I was always a rebel. I always believed in myself, and wanted the best. If someone told me I couldn’t do it, I questioned why not? I have the same two hands, two legs, two eyes, the same 24 hours in one day. So even though we weren’t well off, I decided I wanted to study at the best university in the private sector, which was very expensive.
In Bangladesh, it’s very difficult for women to chase their dreams, to educate themselves or even to carry on working after they have a child. And it was difficult for me as well. Thankfully, I had the support of my parents. They believed in me and encouraged me, even though I was their only child, and many elders in our small community frowned upon it.
So I did the admission test, was accepted, and after 2 semesters got a full scholarship for the remainder of my studies. At the same time, I became an undergraduate assistant to the faculty, so I was not only getting free tuition, but also bringing home money. I also started working in other jobs, writing for the daily newspaper, transcribing for the World Bank, and working as an intern with the BBC on their language development program. And finally I got a full time job as a bank manager after graduating.
Then, a friend introduced me to her friend, a Bangladeshi living in Australia, because she thought we had matching personalities. We started talking online and gradually grew very fond of each other. After two years, we decided to get married, even though we had never met face to face!
When I finally first saw him, I just couldn’t believe how tall he was! We actually got married 7 days after he came to see me in Bangladesh. A lot of my friends and family thought I was crazy, but we knew it was the right decision.
He had to go back to Australia for his job, and I wanted to stay in Bangladesh to finish up things with my work because I was working on an important project at that time. Then I found out I was pregnant! So I ended up having the baby in Bangladesh, and when our baby was 2 months old, I flew to Australia.
Of course, things were different living together under the same roof, compared to just talking together online. And it was much more difficult than in Bangladesh, where we had household help to do all the work for us. Here I had to cook for the first time in my life, for example! Honestly speaking, I straightaway went into postnatal depression, and was put on a medication and treatment plan.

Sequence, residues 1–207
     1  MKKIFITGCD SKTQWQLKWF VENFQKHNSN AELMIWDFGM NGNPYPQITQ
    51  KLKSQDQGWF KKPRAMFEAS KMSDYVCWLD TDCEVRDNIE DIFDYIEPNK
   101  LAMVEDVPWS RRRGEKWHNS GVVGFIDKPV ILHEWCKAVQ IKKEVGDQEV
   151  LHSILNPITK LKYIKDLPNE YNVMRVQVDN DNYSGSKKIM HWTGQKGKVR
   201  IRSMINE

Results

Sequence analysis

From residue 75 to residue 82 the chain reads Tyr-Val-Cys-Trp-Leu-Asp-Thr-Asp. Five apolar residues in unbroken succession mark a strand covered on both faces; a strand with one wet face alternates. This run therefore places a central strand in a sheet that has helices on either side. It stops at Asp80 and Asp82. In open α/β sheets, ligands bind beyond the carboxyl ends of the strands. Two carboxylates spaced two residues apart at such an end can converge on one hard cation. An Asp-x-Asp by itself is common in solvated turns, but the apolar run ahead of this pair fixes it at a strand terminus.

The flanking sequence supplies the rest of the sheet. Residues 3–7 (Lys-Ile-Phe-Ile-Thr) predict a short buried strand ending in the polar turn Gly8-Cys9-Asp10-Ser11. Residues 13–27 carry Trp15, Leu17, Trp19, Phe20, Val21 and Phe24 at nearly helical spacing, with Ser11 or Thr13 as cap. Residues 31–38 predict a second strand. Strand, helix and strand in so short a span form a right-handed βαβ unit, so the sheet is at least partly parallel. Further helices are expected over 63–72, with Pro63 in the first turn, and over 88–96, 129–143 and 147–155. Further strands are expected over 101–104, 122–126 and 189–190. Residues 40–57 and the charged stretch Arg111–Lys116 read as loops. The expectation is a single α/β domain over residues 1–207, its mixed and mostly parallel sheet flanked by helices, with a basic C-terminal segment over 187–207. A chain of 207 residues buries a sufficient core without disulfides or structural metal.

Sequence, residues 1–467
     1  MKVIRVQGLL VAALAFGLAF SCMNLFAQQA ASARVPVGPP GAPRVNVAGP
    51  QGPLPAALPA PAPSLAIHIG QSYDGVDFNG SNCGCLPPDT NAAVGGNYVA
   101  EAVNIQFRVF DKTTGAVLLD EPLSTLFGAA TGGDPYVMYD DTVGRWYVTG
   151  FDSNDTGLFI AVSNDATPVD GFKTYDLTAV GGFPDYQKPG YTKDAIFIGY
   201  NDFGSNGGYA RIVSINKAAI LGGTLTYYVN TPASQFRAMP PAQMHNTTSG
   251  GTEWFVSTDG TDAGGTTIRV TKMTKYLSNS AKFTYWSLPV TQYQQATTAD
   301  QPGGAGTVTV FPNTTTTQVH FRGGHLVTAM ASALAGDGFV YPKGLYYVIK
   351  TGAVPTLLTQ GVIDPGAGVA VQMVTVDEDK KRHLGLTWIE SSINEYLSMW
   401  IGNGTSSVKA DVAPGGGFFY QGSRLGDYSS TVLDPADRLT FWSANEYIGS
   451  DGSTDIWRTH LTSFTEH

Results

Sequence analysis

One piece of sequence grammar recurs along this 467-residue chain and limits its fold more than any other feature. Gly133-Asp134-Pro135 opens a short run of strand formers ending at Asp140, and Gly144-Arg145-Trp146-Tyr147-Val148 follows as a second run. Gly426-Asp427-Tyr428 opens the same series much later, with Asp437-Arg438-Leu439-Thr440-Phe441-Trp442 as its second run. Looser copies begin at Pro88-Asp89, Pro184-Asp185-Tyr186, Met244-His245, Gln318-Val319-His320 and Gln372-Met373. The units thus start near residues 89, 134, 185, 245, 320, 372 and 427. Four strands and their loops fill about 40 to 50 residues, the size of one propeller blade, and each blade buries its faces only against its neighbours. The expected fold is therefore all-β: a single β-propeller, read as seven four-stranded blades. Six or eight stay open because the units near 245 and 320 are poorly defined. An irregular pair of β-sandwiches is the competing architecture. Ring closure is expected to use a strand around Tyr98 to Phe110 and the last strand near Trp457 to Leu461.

Still, I knew I had to look for a job, because it was difficult to run a family on single income. Many people around me told me that as an immigrant, I wouldn’t be able get a good job immediately. But I was determined to try.
I started applying for 30 jobs a day. At that time, my husband was working the night shift and my son was only 6 months old, so he was waking up every hour needing to be fed. Together with being in depression, it was not a good situation, but I kept at it. It was extremely hard. I wasn’t expecting anything because I knew that if I expected something and if I didn’t get it, it would break my energy.
At the end of that month, I realised I had applied to 597 jobs in total. That month was the craziest of my life.
I ended up being interviewed by ten places, and getting selected at only one. I’m still working with that company because I really have a deep sense of loyalty towards them. I started off in Customer Service and I’m now working in the private health insurance sector as a Quality Assurance Analyst.
Once I got a job, things started getting a little bit better, but still the PND was there for about a year and a half after after that. But I didn’t have the feeling that I should keep it a secret. Or that it was taboo. I actually shared it openly with everybody as I believed it was no different to being treated for a fever. I took help from PANDA ,the postnatal depression organisation of Australia. I took help from Beyond Blue. I took help from social workers who would come in and check my health and my family and my environment.
I’m glad to say I’m doing great now. The support system was tremendous. PND is actually very common and curable, if you believe in yourself and follow through with the medical advice. And although it wasn’t easy, I felt really blessed to be in Australia because had it been in Bangladesh, I probably wouldn’t have received the same level of support.
It’s really been a roller coaster ride for me. But I’m glad I did it. It was a learning curve. And my husband and I are glad that we went through that tough time together because it helped us grow as a couple. When things get real and things get dark, that’s when you understand who’s going to be there for you. I felt lucky that he didn’t give up and I was glad that I didn’t give up either.
Now my son is almost five years old. My parents visit me every year. They love it here as well. And I’m thankful that they had that belief to stand up against the society and believe in their daughter and say, ‘We believe she can make it’.
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Photographs: Interviewee’s own